Autumn in Oregon’s Silver Falls State Park
Oregon’s Silver Falls State Park near Salem, OR is a gem of a park that, acre for acre, rivals any national park I’ve visited.
Everything is close and easily accessible and for waterfall lovers, hikers, and nature photographers, this combination is unbeatable.
This park is spectacular any time of year, but autumn is something special.
I recently (Oct. 2017) led a small two-day photo workshop at Silver Falls and the number of great images we came away with for such a short trip was impressive. It’s truly a target-rich photographic environment.
The Trail of Ten Falls gives one access to, you guessed it, ten waterfalls. There are actually eleven named falls, but the one not mentioned on the map really isn’t worth mentioning.
Out of the ten falls, four are truly spectacular. If you only have a day, those are the four I’d concentrate on. I’ve seen all ten, and as far as waterfalls go, the others are worth a visit if you have the time, but perhaps not worth spending too much time photographing.
That being said, fall color can make anything you pair with it look good.
Besides the waterfalls, the streams are lovely, and the forest and trails can be quite photogenic in their own right.
During the recent two-day workshop, we concentrated more on quality photographs and working a location rather than the quantity of waterfalls photographed.
The first day was cloudless, but being that the waterfalls are in the canyons they helped carve, and that the sun this time of year is lower in the sky, direct sunlight on the falls and their surroundings wasn’t a difficult issue to deal with.
In fact, the sun itself is featured prominently in some of my very favorite images from the trip.
The sun, being low in the sky, was often in the trees above us. This makes a great opportunity for including the sun as a starburst in the picture.
Our first morning started by arriving just past sunrise at the North Falls overlook. This is a good spot to start and to brush out any cobwebs your camera may have collected from the last time you used it.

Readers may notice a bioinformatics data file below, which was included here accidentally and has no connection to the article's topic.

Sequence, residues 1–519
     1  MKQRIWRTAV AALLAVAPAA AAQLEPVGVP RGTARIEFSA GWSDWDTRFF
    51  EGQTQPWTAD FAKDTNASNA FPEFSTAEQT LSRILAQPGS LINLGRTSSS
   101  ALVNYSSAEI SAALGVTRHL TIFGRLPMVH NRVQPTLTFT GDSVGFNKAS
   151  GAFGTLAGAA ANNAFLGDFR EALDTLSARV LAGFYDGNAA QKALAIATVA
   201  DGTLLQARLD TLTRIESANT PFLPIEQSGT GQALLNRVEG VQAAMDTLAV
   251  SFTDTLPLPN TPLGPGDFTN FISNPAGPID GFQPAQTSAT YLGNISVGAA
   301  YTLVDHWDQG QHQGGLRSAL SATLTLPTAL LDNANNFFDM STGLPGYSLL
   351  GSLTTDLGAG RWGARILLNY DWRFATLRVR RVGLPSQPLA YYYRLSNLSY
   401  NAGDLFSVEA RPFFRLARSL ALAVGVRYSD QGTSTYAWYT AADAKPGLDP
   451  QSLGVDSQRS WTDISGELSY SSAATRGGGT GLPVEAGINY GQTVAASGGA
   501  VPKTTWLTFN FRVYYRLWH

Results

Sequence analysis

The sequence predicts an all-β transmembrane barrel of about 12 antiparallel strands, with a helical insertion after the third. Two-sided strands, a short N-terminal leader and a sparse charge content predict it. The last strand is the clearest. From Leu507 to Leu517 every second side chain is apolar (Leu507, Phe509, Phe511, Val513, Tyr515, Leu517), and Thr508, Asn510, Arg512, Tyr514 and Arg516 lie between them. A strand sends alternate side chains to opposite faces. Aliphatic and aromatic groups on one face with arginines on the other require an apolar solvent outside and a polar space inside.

From there we moved to the North Falls parking lot and hiked the 3/10 mile to North Falls. The trail leads behind the falls to some good viewpoints along the trail. It’s also worth taking the time to explore shots from behind the falls.
Remembering visits from previous years I knew that if we waited long enough, the sun would peak through the trees, providing an opportunity for a starburst. By the time we were done with North Falls it was lunch time.
Returning to the park after lunch, we made our way to South Falls. Since it was mid-afternoon on a beautiful Saturday, the park was pretty crowded. So we hiked the mile to Lower South Falls, hoping for less of a crowd and counting on South Falls being less crowded later in the afternoon. That’s relative.
Lower South Falls is a wide curtain of a waterfall dropping 93 ft. The trail also passes behind this waterfall but photographically, it’s not as good as behind North Falls.
I think the far side of the waterfall is the better place from which to photograph it. The fall color here was a little disappointing. In some parts of the park there was still plenty of colorful leaves on the trees, but here at Lower South Falls, most of the leaves had already fallen. I imagine that the trees were probably still rather full a week before our visit. I can only attribute the differences we saw to micro-climates. Just a guess.